Sunday, September 17, 2006

What the catalogs don't tell you about furnishing your child's homework space

Setting-up a workspace for kids ...

"Aparent who wants to know how to create an at-home study space that'll help the kids get into Harvard won't find a blueprint anywhere in the annals of academic research. The experts can't even agree that the space should be quiet, so how could they recommend the optimal chair, desk, lamp and accessories for a future Ivy Leaguer?

"I always needed to have a quiet space with zero distractions so I could concentrate," said Dr. Rick Bavaria, vice president of education for Sylvan Learning Centers. "But for others, that kind of quiet can be maddening, and they need to have some sort of distraction, some background noise.

"The best advice is to know your child and know what their best study habits are. There's no one recipe that works for every child."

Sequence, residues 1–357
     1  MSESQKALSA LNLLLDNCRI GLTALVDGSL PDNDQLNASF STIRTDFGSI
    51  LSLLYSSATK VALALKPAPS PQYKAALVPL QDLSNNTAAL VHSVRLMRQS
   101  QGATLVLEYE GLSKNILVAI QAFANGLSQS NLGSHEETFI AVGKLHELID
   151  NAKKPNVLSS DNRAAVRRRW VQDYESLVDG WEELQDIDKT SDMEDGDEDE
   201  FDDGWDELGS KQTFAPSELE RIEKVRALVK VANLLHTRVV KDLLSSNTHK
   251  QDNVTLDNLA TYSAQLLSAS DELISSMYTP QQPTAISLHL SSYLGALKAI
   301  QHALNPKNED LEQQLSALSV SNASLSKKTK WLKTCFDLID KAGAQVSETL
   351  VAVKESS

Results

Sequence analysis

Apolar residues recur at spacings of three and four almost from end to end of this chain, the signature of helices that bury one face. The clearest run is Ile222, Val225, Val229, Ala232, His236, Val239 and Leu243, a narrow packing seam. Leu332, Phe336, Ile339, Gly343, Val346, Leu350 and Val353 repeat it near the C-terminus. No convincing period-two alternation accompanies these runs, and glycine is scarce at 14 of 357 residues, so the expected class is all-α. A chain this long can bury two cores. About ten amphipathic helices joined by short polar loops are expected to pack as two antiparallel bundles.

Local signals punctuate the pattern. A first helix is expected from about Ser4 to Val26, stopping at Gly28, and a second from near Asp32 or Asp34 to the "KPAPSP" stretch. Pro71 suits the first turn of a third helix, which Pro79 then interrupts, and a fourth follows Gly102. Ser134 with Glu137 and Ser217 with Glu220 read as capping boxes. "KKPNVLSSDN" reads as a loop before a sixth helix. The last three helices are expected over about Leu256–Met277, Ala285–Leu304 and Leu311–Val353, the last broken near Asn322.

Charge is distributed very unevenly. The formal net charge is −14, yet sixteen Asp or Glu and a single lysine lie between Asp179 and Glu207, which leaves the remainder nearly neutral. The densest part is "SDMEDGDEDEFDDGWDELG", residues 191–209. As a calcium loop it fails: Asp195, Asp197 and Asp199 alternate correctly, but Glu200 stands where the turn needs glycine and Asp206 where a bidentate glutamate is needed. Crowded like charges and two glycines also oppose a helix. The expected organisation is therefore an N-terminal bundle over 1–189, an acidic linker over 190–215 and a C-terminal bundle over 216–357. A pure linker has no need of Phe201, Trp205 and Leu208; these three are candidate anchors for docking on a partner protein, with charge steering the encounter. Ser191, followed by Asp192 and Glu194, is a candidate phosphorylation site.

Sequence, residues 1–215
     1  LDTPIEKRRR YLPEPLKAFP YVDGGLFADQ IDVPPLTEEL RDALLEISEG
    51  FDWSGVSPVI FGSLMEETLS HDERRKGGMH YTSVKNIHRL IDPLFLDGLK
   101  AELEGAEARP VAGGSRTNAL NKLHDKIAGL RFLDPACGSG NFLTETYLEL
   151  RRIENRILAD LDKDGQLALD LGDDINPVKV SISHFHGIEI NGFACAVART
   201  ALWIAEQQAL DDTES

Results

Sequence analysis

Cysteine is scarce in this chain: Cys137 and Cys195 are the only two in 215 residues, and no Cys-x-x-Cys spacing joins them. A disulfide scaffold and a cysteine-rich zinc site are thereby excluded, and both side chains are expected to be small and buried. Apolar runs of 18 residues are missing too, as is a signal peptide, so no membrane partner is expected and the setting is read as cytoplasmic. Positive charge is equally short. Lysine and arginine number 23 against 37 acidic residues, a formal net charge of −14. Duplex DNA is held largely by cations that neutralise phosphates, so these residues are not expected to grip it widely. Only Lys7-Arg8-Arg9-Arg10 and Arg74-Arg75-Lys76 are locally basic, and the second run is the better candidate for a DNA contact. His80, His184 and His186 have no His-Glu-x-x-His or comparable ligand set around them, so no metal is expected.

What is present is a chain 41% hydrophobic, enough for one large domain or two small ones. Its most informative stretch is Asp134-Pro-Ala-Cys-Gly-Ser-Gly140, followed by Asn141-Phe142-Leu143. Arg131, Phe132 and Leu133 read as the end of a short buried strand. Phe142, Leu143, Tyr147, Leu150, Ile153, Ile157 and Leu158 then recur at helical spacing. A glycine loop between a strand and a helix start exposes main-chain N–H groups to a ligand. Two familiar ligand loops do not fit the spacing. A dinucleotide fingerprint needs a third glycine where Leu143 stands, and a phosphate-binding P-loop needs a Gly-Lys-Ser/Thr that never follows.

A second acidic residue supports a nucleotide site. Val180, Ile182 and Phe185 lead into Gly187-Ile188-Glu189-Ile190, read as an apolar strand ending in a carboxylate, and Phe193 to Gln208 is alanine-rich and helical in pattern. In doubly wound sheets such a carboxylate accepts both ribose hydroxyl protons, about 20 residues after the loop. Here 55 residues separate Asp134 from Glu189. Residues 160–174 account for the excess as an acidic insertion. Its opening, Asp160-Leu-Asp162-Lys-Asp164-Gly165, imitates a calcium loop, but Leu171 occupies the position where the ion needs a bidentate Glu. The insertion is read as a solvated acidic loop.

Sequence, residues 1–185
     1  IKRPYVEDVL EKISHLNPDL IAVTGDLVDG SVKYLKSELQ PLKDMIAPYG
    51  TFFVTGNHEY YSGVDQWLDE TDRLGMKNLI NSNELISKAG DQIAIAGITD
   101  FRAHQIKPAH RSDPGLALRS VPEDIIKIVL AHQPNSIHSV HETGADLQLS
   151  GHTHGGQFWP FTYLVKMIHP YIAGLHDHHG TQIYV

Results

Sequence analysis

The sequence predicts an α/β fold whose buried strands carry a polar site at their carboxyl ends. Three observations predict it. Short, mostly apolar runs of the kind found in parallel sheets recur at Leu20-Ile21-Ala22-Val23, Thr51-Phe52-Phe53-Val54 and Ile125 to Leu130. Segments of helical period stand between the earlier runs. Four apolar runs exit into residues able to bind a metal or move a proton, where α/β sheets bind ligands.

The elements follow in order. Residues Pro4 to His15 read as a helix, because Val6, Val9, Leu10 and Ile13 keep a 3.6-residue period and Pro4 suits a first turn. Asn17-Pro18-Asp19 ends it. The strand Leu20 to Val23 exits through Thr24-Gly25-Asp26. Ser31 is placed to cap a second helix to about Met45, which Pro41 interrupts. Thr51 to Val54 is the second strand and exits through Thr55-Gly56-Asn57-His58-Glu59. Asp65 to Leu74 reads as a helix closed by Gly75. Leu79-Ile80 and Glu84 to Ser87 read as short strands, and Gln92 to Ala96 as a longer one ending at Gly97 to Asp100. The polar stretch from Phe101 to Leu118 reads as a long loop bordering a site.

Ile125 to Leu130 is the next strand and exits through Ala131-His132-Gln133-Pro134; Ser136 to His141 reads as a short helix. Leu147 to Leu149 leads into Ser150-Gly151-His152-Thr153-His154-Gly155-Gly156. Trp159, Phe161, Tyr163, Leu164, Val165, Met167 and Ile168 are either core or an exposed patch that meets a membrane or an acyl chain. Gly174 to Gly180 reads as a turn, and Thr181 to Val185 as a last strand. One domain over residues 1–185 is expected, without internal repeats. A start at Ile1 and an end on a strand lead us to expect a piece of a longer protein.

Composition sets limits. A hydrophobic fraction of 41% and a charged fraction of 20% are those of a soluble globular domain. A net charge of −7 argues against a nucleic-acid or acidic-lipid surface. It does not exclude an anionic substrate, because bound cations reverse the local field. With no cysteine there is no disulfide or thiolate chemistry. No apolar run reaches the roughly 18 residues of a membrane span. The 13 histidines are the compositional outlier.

Parents of more than one probably already know that. The rest are either out shopping for the desks they wanted when they were kids -- a parental "don't" on Bavaria's tip list -- or, worse, propping up Junior at the adult-scale household computer.

"That's like putting a size 12 shoe on a kid and letting them grow into it," said ergonomics expert Pete Johnson, assistant professor at the University of Washington's department of environmental and occupational health sciences. "The standard keyboard is designed for the largest male. And a lot of kids are developing neck and shoulder discomfort from having to look up at a monitor that's set at adult height."   (Continued via SF Gate)    [Ergonomics Resources]

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